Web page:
Money & Banking

Bad loans to spike, banks may fall short of capital by March

Our Bureau. Mumbai | Updated on July 24, 2020 Published on July 24, 2020

Governor Shaktikanta Das for prudence, but not extreme risk aversion

The Reserve Bank of India has warned of a spike in bad loans and a decline in the capital-to-risk-weighted assets ratio (CRAR) for scheduled commercial banks (SCBs), which are bracing for the full impact of the Covid-19 pandemic, amid deterioration in the macroeconomic and financial environment.

According to the Financial Stability Report (FSR), released by the RBI on Friday, the gross non-performing assets (GNPAs) of SCBs could spike to 12.5 per cent (under baseline scenario) and to 14.7 per cent (in a very severe stress scenario) of the gross advances by end-March 2021, from 8.5 per cent as of end-March 2020. Significantly, GNPAs of SCBs had declined to 8.5 per cent of gross advances as of March-end 2020 from 9.3 per cent as of September-end 2019.

Simultaneously, the system-level CRAR is projected to drop from 14.6 per cent in March to 13.3 per cent in March 2021 under the baseline scenario and to 11.8 per cent under the very severe stress scenario.

The assessment is based on macro stress tests, which take into account the shocks (including the impact of Covid-19) in terms of adverse macroeconomic conditions.

PSBs vs private banks

Among bank groups, public sector banks’ GNPA ratio of 11.3 per cent in March may rise to 15.2 per cent by March 2021 under the baseline scenario. The GNPA ratio of private sector banks and foreign banks may increase from 4.2 per cent and 2.3 per cent to 7.3 per cent and 3.9 per cent, respectively, over the same period.

The RBI cautioned that regulatory dispensations in terms of moratorium on loan instalments and deferring of interest payments may have implications on the financial health of SCBs.

Read also: Build buffers, raise capital on anticipatory basis, says RBI Governor to banks


Governor’s optimistic note

However, in his foreword to the FSR, RBI Governor Shaktikanta Das emphasised that the financial system in India remains sound.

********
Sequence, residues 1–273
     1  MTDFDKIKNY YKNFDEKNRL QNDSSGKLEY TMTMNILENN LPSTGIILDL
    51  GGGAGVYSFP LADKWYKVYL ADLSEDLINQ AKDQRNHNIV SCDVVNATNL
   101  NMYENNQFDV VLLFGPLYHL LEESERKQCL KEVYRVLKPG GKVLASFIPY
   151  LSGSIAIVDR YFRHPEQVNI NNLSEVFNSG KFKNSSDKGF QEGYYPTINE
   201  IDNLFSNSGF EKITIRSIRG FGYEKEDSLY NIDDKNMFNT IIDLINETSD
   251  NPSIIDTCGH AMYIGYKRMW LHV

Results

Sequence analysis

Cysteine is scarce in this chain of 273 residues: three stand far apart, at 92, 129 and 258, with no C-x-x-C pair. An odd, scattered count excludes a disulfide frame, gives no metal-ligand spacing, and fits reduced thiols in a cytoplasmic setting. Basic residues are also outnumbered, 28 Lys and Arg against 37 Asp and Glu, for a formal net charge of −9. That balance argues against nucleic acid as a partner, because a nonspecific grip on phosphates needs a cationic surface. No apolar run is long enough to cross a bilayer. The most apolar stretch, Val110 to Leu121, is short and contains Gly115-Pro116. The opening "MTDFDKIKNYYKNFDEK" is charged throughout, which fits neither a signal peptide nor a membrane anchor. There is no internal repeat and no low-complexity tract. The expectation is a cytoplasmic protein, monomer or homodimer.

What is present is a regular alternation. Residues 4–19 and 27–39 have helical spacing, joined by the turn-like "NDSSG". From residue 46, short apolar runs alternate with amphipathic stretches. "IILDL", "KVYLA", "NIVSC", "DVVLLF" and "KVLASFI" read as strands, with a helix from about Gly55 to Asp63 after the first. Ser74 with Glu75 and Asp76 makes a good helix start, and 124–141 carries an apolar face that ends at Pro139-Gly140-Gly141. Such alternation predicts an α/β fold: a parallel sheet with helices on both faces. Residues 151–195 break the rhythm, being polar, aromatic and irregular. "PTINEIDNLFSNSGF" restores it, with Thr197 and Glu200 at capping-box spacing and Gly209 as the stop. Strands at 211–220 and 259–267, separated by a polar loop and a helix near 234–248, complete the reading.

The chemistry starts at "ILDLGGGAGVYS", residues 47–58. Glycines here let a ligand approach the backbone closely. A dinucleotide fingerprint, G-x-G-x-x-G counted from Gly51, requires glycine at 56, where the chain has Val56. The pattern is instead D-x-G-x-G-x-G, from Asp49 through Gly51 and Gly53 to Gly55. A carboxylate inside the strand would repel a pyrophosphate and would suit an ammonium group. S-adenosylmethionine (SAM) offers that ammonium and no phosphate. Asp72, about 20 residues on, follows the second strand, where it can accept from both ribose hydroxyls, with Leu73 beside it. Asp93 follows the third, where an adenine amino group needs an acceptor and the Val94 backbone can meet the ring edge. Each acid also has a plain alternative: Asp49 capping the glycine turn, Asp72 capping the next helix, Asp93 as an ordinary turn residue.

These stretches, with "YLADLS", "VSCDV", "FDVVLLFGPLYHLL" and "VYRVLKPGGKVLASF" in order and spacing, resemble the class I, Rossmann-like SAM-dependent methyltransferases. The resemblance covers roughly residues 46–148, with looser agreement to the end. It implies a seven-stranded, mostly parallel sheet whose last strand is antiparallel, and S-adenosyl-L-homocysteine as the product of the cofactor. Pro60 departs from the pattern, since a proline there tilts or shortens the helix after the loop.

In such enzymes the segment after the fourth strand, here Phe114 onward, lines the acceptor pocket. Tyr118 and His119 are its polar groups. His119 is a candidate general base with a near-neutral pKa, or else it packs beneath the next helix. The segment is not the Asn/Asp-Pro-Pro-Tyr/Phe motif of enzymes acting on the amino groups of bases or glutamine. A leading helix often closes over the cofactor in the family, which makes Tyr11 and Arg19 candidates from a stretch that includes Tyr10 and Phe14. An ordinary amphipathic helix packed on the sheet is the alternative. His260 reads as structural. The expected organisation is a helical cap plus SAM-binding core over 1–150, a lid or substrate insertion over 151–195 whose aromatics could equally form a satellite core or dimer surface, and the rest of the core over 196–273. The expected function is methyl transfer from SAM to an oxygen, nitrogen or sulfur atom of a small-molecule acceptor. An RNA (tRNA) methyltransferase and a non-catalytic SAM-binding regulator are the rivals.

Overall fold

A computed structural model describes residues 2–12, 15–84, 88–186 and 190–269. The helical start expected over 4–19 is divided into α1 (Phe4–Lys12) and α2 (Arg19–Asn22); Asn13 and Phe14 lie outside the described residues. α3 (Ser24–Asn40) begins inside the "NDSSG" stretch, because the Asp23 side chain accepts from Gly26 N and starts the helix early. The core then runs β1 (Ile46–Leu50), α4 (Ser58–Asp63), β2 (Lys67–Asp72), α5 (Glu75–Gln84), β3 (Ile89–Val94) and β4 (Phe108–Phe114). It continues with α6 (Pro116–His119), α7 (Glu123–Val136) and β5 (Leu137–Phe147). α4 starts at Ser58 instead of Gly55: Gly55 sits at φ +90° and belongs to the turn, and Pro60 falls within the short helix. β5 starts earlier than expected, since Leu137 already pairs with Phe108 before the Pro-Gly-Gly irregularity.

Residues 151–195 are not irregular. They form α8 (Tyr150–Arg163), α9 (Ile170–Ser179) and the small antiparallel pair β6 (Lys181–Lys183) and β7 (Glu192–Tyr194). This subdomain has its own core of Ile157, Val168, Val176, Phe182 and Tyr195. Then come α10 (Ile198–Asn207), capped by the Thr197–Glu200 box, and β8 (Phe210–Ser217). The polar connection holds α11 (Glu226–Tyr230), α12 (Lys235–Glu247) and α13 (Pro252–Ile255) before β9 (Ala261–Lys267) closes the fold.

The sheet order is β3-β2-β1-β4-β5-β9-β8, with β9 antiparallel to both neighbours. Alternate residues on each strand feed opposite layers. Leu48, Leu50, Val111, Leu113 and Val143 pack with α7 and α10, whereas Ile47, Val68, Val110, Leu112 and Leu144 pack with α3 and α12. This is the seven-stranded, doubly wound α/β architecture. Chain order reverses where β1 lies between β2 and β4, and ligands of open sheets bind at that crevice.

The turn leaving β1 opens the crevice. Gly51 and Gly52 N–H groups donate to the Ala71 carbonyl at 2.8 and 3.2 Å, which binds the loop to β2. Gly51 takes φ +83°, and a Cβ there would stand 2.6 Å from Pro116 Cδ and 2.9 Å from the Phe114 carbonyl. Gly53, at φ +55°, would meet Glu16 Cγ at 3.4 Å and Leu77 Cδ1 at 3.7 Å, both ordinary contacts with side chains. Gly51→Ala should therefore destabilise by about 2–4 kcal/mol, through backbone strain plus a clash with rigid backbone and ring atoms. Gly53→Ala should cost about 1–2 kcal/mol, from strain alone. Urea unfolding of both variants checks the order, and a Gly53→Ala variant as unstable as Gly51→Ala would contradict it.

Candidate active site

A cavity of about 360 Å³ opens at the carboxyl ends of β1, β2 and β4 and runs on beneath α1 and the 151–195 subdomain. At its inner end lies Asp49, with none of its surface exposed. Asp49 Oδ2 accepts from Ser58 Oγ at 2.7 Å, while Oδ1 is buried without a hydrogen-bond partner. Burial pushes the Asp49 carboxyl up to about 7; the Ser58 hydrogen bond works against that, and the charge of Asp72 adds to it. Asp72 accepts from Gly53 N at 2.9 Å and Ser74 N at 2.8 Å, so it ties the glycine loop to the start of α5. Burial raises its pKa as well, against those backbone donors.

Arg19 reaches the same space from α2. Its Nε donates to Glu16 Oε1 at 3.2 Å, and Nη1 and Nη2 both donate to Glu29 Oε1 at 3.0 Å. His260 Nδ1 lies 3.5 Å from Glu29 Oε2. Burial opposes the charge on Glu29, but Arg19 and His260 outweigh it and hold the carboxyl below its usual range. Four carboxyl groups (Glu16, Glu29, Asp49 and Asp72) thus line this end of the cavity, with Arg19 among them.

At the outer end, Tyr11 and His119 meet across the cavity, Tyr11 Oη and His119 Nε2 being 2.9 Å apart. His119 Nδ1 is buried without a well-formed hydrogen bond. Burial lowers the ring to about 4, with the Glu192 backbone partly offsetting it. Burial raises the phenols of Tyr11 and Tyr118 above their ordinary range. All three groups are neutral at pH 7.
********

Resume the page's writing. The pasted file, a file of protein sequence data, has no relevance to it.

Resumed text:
“Nonetheless, in the current environment, the need for financial intermediaries to proactively augment capital and improve their resilience has acquired top priority While risk management has to be prudent, extreme risk aversion would have adverse outcomes for all,” he said.

Das observed that signs of a gradual recovery from the nationwide lockdown are becoming visible. He said the report coincides with a growing disconnect between the movements in certain segments of financial markets and real sector activity.

He said once India enters the post-pandemic phase, the focus will be on calibrated unwinding of regulatory and other dispensations.

“Financial intermediaries will have to undertake a reappraisal of their business models. Asset markets have to adapt to a new normal in a non-disruptive manner. Contagion risks warrant constant vigilance by all stakeholders in the financial system,” the Governor said.

As the focus shifts from pandemic-proofing large sections of society to post-pandemic unwinding of stimulus and support packages in a calibrated manner, the FSR said the challenge would be to establish normalcy without disrupting markets and the health of financial intermediaries.



Follow us on Telegram, Facebook, Twitter Instagram, YouTube and Linkedin. You can also download our Android App or IOS App.

Published on July 24, 2020
  1. Comments will be moderated by The Hindu Business Line editorial team.
  2. Comments that are abusive, personal, incendiary or irrelevant cannot be published.
  3. Please write complete sentences. Do not type comments in all capital letters, or in all lower case letters, or using abbreviated text. (example: u cannot substitute for you, d is not 'the', n is not 'and').
  4. We may remove hyperlinks within comments.
  5. Please use a genuine email ID and provide your name, to avoid rejection.